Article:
Research — not just something done by faculty

I’m a science fair girl. I come from a science fair family. The site of a tri-fold display board brings back fond memories of projects on biorhythms and on dementia and on the impact of environment on memory recall. These are projects that won awards at the state science day, people!

The projects I remember from those bygone days are nothing compared to the sophisticated research on display annually at the Denman Undergraduate Research Forum – the 2014 edition to be held on March 26 at the RPAC. The research happening everyday on campus – the discovery of new knowledge – is pretty impressive, even more so when we know that there are many, many undergraduate students who are contributing to and leading research efforts of their own. And that’s what we get to see at the Denman.

The Denman participants will present their research via a poster – and not like what you can find at the tent poster sales at the beginning of the school year:

They also present their findings orally to a pair of faculty judges. Participants are selected based on their abstract submissions, as the Denman is limited to only 550 projects. Recently, I had a chance to catch up with a student who I haven’t spoken with in a while, and he was gushing – gushing – about the three research projects with which he’s been involved in the last year. Three. He started his involvement in a professor’s lab as a first-year student. It’s never too early. And he’s not even presenting this year at the Denman – that’s how much great work  is happening here!

As you walk through the display floor, you never know what kinds of projects you’ll see. Some of the winners last year include projects titled:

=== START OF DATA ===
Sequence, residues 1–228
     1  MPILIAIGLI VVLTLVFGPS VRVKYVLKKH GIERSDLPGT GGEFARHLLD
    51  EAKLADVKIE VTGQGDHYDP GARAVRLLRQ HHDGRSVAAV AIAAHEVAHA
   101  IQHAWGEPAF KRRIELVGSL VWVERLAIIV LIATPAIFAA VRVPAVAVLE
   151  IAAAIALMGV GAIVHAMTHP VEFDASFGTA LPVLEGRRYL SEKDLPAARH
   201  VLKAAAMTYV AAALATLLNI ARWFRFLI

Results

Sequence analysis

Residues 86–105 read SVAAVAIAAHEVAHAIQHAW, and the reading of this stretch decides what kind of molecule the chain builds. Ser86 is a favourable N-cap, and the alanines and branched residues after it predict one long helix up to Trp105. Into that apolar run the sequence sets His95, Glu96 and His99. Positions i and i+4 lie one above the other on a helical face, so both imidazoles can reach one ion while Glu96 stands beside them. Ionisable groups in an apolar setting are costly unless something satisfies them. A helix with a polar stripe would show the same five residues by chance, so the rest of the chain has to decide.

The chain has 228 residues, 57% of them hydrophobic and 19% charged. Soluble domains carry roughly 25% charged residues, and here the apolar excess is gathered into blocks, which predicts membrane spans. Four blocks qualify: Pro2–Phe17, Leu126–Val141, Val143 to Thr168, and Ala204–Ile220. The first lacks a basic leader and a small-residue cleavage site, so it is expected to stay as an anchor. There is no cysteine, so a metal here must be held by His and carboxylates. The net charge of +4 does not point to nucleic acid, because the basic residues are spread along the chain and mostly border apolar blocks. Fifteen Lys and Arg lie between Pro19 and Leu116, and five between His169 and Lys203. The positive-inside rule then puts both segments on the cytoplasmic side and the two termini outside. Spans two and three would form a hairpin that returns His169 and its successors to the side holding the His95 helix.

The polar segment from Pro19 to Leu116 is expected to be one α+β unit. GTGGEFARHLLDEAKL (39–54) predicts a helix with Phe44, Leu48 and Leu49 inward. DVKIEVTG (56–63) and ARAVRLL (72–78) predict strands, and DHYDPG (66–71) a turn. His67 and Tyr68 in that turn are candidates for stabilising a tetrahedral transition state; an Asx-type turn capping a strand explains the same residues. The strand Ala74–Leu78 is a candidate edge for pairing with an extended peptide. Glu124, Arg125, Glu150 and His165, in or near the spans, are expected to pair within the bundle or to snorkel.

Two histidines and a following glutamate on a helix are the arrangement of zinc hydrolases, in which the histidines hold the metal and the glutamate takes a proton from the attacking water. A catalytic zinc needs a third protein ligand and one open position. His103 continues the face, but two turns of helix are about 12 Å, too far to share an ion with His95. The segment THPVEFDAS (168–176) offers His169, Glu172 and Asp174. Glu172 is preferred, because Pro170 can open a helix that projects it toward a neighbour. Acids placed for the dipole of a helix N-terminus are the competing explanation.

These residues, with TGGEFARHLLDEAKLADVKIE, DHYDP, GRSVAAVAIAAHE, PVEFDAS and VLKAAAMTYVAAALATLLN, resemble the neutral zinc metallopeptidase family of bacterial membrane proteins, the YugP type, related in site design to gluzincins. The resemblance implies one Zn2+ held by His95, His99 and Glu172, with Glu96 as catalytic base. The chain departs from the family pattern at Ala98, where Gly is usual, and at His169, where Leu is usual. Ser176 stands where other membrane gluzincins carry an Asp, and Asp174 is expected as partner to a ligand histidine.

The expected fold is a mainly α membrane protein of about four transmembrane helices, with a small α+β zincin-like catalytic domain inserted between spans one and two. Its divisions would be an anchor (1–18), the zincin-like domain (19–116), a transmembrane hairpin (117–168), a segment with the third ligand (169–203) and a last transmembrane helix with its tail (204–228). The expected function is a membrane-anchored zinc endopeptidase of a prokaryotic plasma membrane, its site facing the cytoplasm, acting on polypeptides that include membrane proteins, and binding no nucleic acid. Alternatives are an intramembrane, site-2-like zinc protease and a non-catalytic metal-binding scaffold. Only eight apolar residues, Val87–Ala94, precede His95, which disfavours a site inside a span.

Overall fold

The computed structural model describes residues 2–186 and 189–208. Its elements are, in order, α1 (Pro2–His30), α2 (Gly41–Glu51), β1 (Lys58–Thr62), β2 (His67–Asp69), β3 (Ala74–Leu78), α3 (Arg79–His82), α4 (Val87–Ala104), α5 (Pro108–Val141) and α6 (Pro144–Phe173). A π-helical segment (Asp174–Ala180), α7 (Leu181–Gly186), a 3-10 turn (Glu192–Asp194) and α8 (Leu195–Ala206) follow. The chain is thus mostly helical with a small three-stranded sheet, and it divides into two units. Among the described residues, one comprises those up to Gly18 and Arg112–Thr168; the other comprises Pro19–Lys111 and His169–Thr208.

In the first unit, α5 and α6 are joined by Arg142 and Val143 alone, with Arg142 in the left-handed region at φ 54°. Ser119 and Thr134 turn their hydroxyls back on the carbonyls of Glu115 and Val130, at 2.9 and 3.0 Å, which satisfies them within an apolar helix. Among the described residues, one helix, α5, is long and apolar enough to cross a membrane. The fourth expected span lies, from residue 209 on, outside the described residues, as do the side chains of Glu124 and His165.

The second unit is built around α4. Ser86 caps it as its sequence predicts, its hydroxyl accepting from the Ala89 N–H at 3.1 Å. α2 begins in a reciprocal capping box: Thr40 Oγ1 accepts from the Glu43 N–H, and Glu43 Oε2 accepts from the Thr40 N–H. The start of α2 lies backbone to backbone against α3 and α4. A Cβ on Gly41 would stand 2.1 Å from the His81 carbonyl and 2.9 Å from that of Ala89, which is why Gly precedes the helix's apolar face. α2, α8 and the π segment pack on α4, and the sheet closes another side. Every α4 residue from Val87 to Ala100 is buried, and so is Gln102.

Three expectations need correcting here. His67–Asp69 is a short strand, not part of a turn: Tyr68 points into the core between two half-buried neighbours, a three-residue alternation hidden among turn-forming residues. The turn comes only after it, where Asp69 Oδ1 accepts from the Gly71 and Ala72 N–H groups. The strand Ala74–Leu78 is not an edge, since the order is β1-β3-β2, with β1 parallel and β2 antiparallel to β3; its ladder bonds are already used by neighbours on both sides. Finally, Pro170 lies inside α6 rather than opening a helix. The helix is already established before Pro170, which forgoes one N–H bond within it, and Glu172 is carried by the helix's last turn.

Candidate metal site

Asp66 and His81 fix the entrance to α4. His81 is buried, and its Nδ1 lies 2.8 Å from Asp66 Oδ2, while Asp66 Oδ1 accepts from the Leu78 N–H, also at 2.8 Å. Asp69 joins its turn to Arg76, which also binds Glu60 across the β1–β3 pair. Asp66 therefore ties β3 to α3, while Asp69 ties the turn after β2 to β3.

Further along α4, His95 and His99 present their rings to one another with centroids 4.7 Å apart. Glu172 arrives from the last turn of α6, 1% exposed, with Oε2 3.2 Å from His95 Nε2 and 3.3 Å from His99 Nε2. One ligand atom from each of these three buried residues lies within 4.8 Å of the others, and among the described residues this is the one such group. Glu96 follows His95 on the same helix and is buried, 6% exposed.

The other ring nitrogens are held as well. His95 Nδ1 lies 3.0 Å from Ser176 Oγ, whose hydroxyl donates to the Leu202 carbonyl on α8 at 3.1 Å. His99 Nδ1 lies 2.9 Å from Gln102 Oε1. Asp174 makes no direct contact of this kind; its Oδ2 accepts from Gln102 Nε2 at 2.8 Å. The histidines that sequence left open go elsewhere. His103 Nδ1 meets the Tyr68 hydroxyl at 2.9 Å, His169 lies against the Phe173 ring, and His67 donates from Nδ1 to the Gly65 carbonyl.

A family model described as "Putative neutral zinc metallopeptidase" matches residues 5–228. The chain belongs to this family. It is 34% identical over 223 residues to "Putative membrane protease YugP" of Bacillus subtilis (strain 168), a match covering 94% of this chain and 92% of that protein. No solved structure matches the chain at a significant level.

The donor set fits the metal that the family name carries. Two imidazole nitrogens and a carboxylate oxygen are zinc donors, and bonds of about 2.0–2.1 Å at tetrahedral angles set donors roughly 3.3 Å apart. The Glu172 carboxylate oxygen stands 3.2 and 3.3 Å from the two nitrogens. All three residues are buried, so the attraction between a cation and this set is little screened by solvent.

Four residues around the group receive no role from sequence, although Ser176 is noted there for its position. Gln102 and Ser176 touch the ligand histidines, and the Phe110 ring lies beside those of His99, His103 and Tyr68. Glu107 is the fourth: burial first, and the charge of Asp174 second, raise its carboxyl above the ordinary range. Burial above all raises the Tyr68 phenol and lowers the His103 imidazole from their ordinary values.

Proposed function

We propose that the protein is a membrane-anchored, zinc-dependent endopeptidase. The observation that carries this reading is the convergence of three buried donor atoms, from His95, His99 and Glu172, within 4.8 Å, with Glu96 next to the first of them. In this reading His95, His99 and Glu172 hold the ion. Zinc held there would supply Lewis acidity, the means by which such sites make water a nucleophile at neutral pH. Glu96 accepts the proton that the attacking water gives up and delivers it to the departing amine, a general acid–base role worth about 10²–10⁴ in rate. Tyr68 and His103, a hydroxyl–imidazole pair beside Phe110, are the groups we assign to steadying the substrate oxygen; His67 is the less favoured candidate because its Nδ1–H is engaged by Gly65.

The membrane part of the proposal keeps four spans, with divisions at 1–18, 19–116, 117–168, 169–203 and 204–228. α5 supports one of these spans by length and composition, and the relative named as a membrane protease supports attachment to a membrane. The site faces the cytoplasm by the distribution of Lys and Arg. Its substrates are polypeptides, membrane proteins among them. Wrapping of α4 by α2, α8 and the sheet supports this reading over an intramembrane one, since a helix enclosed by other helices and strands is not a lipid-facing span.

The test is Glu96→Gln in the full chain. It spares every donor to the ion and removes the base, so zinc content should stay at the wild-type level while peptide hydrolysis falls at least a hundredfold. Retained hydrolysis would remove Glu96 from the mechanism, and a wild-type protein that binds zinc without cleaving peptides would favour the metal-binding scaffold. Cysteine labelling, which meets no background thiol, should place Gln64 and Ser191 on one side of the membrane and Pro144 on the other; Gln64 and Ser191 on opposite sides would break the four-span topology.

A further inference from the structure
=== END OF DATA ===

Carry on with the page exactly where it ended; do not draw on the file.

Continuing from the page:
• Calculating Susceptibility from Local Field Inhomogeneities for Applications in Multiple Sclerosis Studies
  • Effect of Early Treadmill Training on Blood-Spinal Cord Barrier Permeability after Spinal Cord Injury in Mice
  • Biochemical Characterization of 6-phospho-β-glucosidases to Gain Insights into Cellobiose Utilization by Clostridium beijerinckii NCIMB 8052

I don’t know about you, but I love an intimidating title, not to mention the actual research behind it — for those of you wondering, Clostridium beijerinckii NCIMB 8052 is “a saccharolytic, strictly anaerobic, mesophylic, motile, rod-shaped bacteria with oval, sub-terminal spores.”

Fortunately for me, the projects aren’t all in what we used to call the hard sciences. There are also the categories of business, arts, and humanities. Some winners last year in these categories included:

  • Let’s Talk Money: Impulsivity, Social Influence and Consumers’ Saving Behavior
  • Wyrd: The Woes of Postmodernity
  • Corruption and International Aid Allocation: A Complex Dance

So, if you find yourself inspired to find out what fascinating work your fellow students are doing, check out the Denman. I’ll be the one trying to look 20 years younger and setting up the card-table.